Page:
Determinants of participation in cavy marketing: Evidence from the Democratic Republic of Congo

Franklin Simtowe, Birthe K. Paul, Benjamin M. M. Wimba, Samy B. Bacigale, Wanjiku L. Chiuri, Brigitte L. Maass


Smallholder supply chain participation remains low despite the potential welfare gains that would result from choosing a market-oriented production. Yet, studies on determinants of market participation for commodities with underdeveloped value chains are scanty. Employing a double-hurdle model, this paper examines factors determining households’ participation in cavy marketing among cavy farmers from Sud-Kivu province in the Democratic Republic of Congo. We find that wealthier households participated less in cavy marketing while those producing more cavies were more likely to participate in their marketing. Moreover, smaller households tended to sell more cavies, while households with other livestock sold fewer cavies. The findings underscore the significance of increasing the participation in the cavy supply chains by farmers through the promotion of appropriate husbandry practices that enhance cavy productivity and production and that enable farmers to participate in markets as sellers.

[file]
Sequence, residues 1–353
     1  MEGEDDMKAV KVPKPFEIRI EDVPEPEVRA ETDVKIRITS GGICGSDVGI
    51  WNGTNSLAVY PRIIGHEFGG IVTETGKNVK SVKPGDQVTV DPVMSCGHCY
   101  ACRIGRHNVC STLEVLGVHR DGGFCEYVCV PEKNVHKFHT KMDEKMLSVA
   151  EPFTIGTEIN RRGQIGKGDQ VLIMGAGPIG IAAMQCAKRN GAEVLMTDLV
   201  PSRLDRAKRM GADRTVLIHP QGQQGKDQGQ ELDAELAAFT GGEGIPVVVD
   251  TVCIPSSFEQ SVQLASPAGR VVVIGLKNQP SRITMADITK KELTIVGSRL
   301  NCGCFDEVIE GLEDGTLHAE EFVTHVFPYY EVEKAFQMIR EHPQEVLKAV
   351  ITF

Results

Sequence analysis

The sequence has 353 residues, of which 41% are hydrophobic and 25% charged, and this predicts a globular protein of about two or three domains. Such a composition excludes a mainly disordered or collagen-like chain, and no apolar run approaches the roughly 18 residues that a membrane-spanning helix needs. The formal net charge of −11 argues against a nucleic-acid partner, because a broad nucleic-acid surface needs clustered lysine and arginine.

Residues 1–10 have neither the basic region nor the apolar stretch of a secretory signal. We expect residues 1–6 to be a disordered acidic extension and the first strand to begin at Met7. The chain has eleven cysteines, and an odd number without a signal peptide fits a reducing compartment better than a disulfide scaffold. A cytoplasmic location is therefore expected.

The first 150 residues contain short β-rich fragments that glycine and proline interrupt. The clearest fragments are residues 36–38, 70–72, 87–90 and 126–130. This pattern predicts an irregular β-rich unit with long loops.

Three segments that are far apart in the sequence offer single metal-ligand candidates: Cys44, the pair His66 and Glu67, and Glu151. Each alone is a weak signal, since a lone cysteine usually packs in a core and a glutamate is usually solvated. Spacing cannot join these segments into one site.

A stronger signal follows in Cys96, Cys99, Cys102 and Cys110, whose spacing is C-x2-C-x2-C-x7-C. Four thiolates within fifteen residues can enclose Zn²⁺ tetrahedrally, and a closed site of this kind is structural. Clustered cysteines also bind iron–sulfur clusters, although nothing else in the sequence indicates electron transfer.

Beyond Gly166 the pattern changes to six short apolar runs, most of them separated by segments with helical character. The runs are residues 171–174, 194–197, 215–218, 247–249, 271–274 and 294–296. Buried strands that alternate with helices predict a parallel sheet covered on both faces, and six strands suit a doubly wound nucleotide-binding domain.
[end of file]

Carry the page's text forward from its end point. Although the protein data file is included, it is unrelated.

domestic cavy, marketing, double-hurdle, supply chain participation, guinea pig, Cavia porcellus

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